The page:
A Oaxacan Who Happens to be Danish
by Michael Sledge
To be of a place and at the same time apart from it is perhaps to see its beauty, and its ironies, with more clarity. Trine Ellitsgaard grew up in Denmark, and it was there she trained as a weaver, but for the last twenty years she has made her home in Oaxaca. Inside her studio, a Nordic serenity reigns. But step out into the street and you are instantly confronted by the clash of traffic and exhaust, the saturated colors of sky, colonial buildings, and graffiti—the rich, anarchic weave of Latin America that threatens at every moment to overload the senses. You cannot help but be swept into the chaos, or fight against it, or both.
It is more than an interesting side note that Trine still weaves on the loom she imported from Copenhagen when she first arrived in Mexico. Looking at her textiles, what is most striking is not the overtly visible influence of Oaxacan craft but its apparent absence. The ordered geometric designs, the muted colors, the soothing balance of forms and textures all seem to express a Scandinavian sensibility in direct contrast to a life spent in Mexico or to traditional Mexican weaving. But the influence is undeniably there.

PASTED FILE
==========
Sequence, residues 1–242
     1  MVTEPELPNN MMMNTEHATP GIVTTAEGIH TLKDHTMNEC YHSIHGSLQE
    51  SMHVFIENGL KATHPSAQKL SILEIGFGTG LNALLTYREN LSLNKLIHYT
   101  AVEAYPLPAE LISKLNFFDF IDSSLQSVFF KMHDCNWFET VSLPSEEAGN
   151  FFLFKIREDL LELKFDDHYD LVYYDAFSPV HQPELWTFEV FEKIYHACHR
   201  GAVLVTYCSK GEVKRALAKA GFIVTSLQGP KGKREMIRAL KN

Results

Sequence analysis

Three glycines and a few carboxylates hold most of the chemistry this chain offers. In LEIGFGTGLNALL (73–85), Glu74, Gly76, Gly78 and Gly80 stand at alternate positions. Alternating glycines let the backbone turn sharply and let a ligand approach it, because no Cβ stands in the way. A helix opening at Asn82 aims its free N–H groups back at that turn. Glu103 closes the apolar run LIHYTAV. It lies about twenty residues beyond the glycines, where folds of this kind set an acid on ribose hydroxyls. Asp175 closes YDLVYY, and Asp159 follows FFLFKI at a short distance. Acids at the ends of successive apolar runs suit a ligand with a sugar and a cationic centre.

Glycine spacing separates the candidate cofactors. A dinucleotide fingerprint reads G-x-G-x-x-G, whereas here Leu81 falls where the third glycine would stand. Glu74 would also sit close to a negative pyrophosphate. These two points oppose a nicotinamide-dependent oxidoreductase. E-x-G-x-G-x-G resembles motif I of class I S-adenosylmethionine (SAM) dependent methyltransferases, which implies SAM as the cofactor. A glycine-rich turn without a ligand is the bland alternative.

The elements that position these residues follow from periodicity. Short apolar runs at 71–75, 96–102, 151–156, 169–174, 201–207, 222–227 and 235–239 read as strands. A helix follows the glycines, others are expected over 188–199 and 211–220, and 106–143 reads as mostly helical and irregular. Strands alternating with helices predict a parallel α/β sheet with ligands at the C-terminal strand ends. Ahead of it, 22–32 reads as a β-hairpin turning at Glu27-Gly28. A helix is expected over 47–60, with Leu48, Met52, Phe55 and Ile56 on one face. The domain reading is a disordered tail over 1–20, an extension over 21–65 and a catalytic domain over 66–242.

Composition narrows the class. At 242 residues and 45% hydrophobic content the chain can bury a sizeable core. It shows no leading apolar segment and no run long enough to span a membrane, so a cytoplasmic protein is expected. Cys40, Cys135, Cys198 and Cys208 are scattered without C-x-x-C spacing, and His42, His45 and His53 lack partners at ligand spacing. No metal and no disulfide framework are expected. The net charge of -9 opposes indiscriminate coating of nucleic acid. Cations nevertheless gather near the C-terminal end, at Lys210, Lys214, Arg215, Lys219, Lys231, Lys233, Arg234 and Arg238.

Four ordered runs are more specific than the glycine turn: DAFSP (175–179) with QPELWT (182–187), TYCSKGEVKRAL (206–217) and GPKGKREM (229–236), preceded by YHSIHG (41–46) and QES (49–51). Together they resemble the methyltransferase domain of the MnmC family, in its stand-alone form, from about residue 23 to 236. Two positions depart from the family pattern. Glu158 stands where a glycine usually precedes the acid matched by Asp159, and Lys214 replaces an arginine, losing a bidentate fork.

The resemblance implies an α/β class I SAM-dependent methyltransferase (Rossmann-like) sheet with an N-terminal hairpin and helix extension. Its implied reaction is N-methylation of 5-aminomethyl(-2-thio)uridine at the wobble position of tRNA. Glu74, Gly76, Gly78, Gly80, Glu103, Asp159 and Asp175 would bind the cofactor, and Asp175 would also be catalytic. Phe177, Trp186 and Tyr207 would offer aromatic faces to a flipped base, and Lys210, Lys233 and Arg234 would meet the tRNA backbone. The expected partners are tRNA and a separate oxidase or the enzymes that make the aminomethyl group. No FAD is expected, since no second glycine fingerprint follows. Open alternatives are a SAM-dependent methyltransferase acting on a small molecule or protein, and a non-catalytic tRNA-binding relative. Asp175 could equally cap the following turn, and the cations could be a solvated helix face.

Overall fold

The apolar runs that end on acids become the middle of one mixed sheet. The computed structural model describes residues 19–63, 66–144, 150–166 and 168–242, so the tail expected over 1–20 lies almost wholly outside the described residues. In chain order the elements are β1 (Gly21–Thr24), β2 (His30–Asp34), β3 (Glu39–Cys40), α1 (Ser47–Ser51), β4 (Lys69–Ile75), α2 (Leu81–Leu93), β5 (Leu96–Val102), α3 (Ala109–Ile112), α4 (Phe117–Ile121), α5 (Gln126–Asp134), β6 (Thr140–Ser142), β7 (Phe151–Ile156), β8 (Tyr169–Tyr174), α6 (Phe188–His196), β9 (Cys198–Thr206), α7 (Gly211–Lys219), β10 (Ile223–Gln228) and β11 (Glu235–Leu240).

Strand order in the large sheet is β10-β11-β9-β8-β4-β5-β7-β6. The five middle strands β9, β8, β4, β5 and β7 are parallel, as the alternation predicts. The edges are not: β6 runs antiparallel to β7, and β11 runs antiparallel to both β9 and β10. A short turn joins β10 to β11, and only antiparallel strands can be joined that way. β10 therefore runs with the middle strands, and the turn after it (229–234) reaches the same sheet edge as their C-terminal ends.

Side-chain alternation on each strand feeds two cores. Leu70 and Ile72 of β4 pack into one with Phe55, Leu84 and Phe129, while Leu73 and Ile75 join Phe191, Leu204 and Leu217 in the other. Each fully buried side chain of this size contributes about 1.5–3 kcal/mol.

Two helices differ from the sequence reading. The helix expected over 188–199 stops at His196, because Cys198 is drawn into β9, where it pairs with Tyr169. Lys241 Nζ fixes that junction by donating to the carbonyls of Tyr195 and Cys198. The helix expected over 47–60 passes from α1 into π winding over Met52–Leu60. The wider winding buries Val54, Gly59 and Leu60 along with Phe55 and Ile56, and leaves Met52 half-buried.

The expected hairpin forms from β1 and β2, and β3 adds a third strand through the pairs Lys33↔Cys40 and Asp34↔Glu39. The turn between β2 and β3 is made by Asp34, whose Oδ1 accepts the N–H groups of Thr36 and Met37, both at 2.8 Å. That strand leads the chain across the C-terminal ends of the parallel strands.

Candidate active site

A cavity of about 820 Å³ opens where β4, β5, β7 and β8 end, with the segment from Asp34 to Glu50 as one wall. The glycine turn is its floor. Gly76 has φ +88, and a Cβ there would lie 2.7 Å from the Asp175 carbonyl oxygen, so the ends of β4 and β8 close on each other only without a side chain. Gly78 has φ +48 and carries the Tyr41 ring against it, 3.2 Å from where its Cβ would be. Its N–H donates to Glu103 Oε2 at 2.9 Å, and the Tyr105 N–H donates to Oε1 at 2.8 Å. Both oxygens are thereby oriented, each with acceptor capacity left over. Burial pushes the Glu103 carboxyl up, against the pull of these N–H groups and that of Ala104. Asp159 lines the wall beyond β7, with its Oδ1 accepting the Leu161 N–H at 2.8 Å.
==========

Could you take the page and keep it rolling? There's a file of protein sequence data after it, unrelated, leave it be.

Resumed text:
Sometimes it is in a form she has appropriated, such as the woolen skirt worn by the Chamulas of Chiapas—Trine has joined two woolen lengths with a striking ray of horsehair. Or it might be in an element suggested by ritual: the dried flowers set upon the graves in the town of San Antonino during Day of the Dead become paper pom poms in an homage to her father. Most often, however, the experience of Mexico is found in the combinations of the materials themselves. In her mischievously titled Mi Vida en Oaxaca, she has tied knots of black rubber into a woven white background of plastic and silk. Gold thread and nylon, paper and palm, sisal and seeds—the organic is paired with inorganic, luxurious with pedestrian, rough with smooth, shiny with sensual. Underneath the deceptive simplicity and harmony of the designs, these surprising clashes and combinations reveal a delight in strangeness as well as the peculiar beauty that can emerge from chaos. Trine’s work takes hold of all that she has observed in Mexico, but the Scandinavian in her reconstitutes it into new patterns; out of the meeting of these two cultures emerges a new way of seeing both.